I share my reflections on Kotter's 8 steps for change in driving transformation to achieve strengths-based practice.
The current strategy and rhetoric around health and social care all focuses on the importance of prevention over treatment and population health, which is what public health is all about – so why is public health not leading the way?
Five-year forward view focus on prevention and public health
The NHS five-year forward view states that “the future health of millions of children, the sustainability of the NHS, and the economic prosperity of Britain all now depend on a radical upgrade in prevention and public health.” That is quite a lot resting on the shoulders of public health and should have led to a massive investment and concentration on public health as an approach to join up health and social care.
Public health spending cuts
However, a year later public health is faced with severe funding cuts (to an already limited budget). The Spending Review in October 2015 announced over £8bn in extra funding for the NHS but this is misleading as a substantial portion of the investment (£3.5bn) is being paid for by cuts to other portions of the Department of Health’s budget – it all depends on how you define the NHS as to whether it is being protected or not. Public health is now outside the NHS and has budget cuts of £600m a year to swallow. This is on top of £200m in year cuts in 2015/16 that public health already suffered.
New models of care and population health
The new models of health care suggested in the five-year forward view and being tested by Vanguard sites around the country also often focus on a population health approach – aiming to improve the health of an entire population (or sub population) rather than just focusing on individuals. A population approach looks at the interrelated conditions and factors that determine the health of populations, identifies systematic variations in how they occur, and then applies this to develop and implement policies and actions to improve the health of those populations.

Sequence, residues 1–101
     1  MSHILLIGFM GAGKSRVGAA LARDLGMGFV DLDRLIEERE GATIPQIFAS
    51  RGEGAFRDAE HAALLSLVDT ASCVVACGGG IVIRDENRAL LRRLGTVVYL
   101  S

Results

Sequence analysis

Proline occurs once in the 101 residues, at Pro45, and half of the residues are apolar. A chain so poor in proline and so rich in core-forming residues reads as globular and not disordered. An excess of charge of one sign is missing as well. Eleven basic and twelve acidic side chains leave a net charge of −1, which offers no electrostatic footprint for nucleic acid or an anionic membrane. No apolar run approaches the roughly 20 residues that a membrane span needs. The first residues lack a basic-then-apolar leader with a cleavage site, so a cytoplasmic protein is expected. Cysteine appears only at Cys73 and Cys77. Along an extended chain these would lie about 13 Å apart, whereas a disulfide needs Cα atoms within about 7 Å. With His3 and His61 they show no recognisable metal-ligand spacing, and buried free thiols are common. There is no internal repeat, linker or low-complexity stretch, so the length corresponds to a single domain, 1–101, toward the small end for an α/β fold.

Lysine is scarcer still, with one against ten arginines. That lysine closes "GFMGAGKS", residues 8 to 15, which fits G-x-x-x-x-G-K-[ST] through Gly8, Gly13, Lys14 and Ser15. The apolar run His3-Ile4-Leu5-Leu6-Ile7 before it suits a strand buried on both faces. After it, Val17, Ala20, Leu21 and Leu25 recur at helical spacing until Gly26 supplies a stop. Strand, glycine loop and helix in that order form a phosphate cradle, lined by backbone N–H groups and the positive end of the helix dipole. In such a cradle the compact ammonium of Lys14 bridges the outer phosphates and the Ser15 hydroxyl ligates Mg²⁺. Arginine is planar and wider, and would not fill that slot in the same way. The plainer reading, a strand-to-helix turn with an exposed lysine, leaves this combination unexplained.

This is exactly what public health is about – WHO defines public health as ‘all organised measures to prevent disease, promote health and prolong life among the population as a whole’. And yet the key Vanguard projects and integration agendas are not being led by public health but instead CCGs, social care and Hospital Trusts. True, it is these groups who have the budget – public health does not have the funding but it does have the knowledge and the skills.
Public health often not key drivers in health and social care integration
A 2015 survey of the public health workforce by the Royal Society of Public Health found “over half of respondents were unable to say that they feel positive about the prospects of integrating health and social care systems (51%) and over 40% were unable to say that they felt part of the process of integrating health and social care systems at a local level”.
So in many places public health practitioners are not fully involved in health and social care integration and developing new models but they do have the ability to bring it all together.
Make use of all that public health has to offer
Of course the level of public health input in these programmes varies between areas – in some they are closely aligned and a key component of the programmes. However, in many places where we work we find that the public health team can still be isolated and is not the leader in creating new models of care and integration.
This has a lot to do with the lack of budget and subsequent resources in public health but those working in health and social care transformation programmes should always seek out the skills and knowledge of their local public health team and harness them as much as possible. Only by putting public health at the centre of our approach will we ensure the sustainability of the NHS and social care systems.